4.5 months in the making, my goal race, the Montreal Demi-Espirit 70.3, was here on Saturday. It’s a flat course that offers “your best chance you’ll ever get to personal best” and for me, it did!
I first decided to do this race and my sister and her crew had decided to race it because it is a “bucket list” race. Company on these long distances races is great and once I heard about the unique course I was in.
The race takes place in the Montreal 1976 Summer Olympic Park. Summer in the rowing basin, riding around the Formula One Canadian Grand-Prix track, and running back around the rowing basin. It was amazing for spectators as people were everywhere along the entire course, and as an athlete you were able to see your supporters multiple times on route.
The swim is an out and back in the Olympic rowing basin. This swim is unique in that while it’s open water, it’s a protected current-free basin is similar to a 2 km long, 100-meter wide and 3-meter deep swimming pool. The water has a sandy bottom which I was able to view the entire time and “is considered superior for swimming.”
Because of these conditions I felt very confident on course. There was lots of space in the water and not once was I near another person where we might have touched. Certainly the number of women were less, but we also had a great deal of space. I stuck to my usual plan of a steady effort and during the final few hundred meters set my sights on a few swimmers that I wanted to pass and I did giving myself a third place age group finish for the swim.
The 90 km bike portion of the race consisted of completing 21 laps around the Circuit Gilles-Villeneuve, which is the site of the Formula One Canadian Grand-Prix. The 4.3 km loops were very smooth and were filled with a combination of winding turns, hair-pin turns, and straight aways. There was one bottle drop/aid station which had it’s own lane and an opportunity to not only grab a bottle while continuing to ride, but also pulling over for a stop.
The Pro-timing chip on your ankle counts your laps, but I also used my Garmin to make sure I was on track. The lap count is shown on a giant screen near the exit lane, and your name and bib number appear on the monitor on lap 5, 10, 15, 19, 20, 21. The race are continuously shares that when you see your name with the number 21, you must exit the course, however I saw at least 5 people who misunderstood and did an extra lap.
My bike experience was one that is most easily described as terrifying. As one of the first few women out of the swim I entered the bike loop, with tired legs, at a measly 25km/hrs pace. I entered into a bike race in progress with many men holding what I could only assume was 40+km/hr paces. I felt like Disney’s Simba during the stampede scene of the Lion King. Men was racing past me on both sides. There was no organization as to where slower riders should be and when I assumed it was to stick the left and pass on the right (which it was) speedy men would cut through almost no spaces nearly taking both of us out to pace. This was my race situation for almost the first 40 minutes until more women entered the course and I can only assume some of the faster men started exiting.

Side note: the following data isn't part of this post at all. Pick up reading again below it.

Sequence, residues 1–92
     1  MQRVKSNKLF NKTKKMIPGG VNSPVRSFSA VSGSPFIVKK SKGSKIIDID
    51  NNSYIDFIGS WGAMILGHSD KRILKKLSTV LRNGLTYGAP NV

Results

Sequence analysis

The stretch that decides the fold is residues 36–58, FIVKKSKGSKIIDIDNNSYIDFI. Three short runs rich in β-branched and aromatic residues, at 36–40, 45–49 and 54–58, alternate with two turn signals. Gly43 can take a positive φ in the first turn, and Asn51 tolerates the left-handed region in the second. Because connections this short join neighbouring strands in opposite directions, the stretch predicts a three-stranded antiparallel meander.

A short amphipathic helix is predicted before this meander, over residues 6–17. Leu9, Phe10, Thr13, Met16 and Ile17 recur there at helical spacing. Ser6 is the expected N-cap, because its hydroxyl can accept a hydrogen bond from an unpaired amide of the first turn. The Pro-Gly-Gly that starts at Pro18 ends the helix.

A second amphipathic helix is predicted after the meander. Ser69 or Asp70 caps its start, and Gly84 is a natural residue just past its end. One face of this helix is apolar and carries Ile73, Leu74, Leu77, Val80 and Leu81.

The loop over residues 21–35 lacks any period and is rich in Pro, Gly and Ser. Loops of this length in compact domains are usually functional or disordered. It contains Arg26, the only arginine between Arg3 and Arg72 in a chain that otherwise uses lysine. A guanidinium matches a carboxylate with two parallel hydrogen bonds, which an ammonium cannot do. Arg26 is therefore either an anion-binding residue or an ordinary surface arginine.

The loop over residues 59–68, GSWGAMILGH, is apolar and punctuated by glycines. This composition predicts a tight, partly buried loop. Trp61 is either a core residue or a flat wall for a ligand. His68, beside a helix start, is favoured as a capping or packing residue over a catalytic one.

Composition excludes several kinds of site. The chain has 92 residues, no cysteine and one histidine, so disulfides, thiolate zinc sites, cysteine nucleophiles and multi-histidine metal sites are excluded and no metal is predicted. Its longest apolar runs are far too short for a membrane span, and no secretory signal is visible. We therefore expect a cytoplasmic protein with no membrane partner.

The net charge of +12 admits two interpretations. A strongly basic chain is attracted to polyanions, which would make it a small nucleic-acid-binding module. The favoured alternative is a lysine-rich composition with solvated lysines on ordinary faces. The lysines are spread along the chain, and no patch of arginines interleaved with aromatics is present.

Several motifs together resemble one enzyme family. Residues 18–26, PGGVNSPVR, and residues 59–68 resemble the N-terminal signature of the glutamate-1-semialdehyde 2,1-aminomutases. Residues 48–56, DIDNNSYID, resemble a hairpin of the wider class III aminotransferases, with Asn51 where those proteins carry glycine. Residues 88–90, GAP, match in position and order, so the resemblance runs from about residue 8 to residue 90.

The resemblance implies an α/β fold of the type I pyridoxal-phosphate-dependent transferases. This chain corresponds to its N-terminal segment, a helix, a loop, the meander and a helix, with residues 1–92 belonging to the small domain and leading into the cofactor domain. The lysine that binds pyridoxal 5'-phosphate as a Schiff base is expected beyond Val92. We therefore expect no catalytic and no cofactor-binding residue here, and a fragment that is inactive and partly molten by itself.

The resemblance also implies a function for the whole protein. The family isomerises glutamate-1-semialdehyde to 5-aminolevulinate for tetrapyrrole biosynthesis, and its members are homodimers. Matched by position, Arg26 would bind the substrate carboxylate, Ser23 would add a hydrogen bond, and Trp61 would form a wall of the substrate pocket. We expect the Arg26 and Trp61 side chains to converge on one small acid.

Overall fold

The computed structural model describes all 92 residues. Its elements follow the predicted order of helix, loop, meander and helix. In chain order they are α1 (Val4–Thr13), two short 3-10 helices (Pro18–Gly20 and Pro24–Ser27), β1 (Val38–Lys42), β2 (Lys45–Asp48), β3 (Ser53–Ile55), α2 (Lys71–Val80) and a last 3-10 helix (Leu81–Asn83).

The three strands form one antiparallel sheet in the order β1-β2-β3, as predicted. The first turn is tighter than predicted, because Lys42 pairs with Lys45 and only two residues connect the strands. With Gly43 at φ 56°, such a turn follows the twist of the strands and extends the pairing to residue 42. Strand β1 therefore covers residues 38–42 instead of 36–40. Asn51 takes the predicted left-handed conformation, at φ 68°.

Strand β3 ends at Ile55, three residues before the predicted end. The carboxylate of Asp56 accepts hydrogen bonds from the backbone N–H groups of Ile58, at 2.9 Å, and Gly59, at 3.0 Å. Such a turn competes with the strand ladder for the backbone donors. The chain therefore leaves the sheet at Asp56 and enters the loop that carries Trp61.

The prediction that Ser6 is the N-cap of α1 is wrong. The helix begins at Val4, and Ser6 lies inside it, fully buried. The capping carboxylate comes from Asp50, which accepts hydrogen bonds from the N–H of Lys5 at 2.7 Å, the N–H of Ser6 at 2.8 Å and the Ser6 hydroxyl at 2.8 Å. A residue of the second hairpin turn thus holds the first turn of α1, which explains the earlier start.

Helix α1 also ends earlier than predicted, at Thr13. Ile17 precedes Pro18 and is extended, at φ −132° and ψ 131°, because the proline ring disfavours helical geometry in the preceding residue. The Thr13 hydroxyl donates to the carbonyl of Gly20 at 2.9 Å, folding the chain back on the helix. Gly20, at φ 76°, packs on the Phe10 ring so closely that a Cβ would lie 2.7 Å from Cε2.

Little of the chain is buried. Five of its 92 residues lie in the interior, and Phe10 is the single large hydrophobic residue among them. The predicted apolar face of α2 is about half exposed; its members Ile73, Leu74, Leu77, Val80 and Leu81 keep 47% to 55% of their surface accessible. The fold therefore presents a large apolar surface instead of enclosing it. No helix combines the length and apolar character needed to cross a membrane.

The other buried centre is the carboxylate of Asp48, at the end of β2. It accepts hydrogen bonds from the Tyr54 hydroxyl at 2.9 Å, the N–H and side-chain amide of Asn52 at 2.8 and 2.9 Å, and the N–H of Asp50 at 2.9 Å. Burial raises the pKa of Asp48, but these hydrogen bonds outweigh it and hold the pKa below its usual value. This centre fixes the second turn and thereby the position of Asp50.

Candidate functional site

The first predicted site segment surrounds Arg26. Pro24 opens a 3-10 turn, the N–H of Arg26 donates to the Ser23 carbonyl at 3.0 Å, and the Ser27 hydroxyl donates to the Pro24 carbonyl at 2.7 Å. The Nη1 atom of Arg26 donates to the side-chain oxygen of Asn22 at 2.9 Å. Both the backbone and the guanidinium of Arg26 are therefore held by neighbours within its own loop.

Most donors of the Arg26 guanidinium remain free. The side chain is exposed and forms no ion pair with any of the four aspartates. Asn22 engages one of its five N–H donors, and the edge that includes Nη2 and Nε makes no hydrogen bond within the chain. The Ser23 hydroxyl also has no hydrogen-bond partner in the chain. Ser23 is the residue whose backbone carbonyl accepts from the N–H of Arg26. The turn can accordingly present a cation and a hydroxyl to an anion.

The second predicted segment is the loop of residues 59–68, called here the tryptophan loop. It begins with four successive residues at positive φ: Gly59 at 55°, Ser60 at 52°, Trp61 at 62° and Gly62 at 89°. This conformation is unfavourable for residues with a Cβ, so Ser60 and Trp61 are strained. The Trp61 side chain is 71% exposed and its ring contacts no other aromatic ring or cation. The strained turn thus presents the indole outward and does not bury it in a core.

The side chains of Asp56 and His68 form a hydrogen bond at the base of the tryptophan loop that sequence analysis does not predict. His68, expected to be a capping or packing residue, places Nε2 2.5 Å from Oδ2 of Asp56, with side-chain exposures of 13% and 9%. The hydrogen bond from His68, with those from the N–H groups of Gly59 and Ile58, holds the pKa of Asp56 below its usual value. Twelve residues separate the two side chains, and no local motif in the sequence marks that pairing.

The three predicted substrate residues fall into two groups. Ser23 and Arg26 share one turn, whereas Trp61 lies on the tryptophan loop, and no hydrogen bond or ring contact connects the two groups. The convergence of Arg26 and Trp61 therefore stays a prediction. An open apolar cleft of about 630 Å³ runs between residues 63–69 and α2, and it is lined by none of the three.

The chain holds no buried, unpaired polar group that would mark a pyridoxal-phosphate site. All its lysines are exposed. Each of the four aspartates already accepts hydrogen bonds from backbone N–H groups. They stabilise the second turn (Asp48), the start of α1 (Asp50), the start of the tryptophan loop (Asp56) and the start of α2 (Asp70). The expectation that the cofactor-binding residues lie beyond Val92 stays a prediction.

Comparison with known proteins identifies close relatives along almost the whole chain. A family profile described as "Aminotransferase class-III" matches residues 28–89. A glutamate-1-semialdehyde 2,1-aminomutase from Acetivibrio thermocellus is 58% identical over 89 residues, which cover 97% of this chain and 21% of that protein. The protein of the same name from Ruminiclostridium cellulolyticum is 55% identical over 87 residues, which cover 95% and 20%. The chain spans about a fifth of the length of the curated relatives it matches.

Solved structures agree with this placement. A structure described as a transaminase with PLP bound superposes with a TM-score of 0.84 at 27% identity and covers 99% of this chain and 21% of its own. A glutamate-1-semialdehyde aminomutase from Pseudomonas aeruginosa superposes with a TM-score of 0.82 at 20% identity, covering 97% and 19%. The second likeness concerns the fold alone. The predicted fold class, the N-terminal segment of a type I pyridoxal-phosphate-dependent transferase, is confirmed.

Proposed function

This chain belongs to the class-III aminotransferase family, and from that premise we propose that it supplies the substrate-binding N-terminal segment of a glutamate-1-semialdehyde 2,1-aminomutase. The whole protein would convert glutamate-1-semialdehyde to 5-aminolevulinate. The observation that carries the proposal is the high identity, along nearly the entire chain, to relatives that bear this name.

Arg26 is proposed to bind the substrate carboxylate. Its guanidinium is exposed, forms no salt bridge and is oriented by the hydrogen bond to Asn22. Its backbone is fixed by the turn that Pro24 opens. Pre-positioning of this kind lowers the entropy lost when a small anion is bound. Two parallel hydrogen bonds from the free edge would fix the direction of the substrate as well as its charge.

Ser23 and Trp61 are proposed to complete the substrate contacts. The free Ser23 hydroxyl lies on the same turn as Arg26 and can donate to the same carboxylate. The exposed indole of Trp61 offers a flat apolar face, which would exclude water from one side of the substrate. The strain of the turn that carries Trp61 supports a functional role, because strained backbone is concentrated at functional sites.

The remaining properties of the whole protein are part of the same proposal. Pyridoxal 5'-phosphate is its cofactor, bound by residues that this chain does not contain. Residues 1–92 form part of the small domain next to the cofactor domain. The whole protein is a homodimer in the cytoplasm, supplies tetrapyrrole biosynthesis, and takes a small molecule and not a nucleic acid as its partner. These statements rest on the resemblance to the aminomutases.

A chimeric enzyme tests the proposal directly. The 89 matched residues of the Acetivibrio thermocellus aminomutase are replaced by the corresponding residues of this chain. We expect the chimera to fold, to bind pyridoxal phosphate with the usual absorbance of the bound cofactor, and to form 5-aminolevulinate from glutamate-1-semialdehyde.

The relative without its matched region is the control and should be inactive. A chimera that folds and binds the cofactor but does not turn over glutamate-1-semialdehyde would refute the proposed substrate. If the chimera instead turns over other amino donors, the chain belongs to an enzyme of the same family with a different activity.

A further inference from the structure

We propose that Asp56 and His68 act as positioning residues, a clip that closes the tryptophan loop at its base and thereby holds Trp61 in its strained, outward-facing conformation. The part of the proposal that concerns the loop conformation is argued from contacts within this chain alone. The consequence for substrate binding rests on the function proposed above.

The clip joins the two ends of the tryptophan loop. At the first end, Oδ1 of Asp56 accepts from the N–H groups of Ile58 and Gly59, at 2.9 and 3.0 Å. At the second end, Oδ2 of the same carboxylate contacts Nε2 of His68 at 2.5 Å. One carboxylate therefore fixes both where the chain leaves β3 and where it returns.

21 loops certainly offered an interesting option as I was able to see my family and receive their coaching and cheers almost every 8 minutes, I will be honest that while 21 laps seemed fun before riding, it was very mentally challenging and required a lot of focus for almost 80% of the time. Although that being said, this mainly flat course was one of my fastest rides, in which I was able to hold my Olympic distance pace during double the distance.
The 21.1 km run starts at the back of the Transition Area where you will run directly onto the Voie Maritime for a short 2km out on the trails. I entered this area at the exact time the duathlon was starting here. They let me get a few feet ahead before they started and it was certainly motivating to run so closely with others.
Once back on the basin wall, you circle the Olympic Rowing Basin and complete 4.5 laps. The race almost everywhere including the website states 4 laps, but it’s actually 4.5. I didn’t realize this until I was on course and for over two hours watched racers run across this floating bridge, trying to figure out what they were doing and whether that was my race or another distance.
While heading out on what I (and my family) thought was my final lap I asked a staff what the deal was after a large group ahead of me went across. It was here on course that I learned about the extra half lap. This definitely sucked as I had mentally thought I was nearing the finish, and then having to explain to my family too, while running, that I still had a half lap left. I hadn’t started my Garmin on time, so knew that wasn’t reliable. So when it was finally my turn to cross the bridge – I was jumping for joy.
The course was well fueled with 3 aid stations per loop. They had water, ice, coke, pretzels, and an electrolyte drink. They were well organized and the volunteers did a great job.
One thing to be aware of is that almost all on race communication on race day is in French. Pretty much the only thing I spoke while on course was the phrase “English please”. This was challenging on the bike, where I felt very unsafe and was unsure of what was happening when people didn’t appear to be following the “rules”. Race communication prior to race day was bilingual.
That begin said, I enjoyed this flat and fast race quite a bit. It gave me personal bests and an awesome spectator experience from my family and friends. I would definitely suggest others give it a try.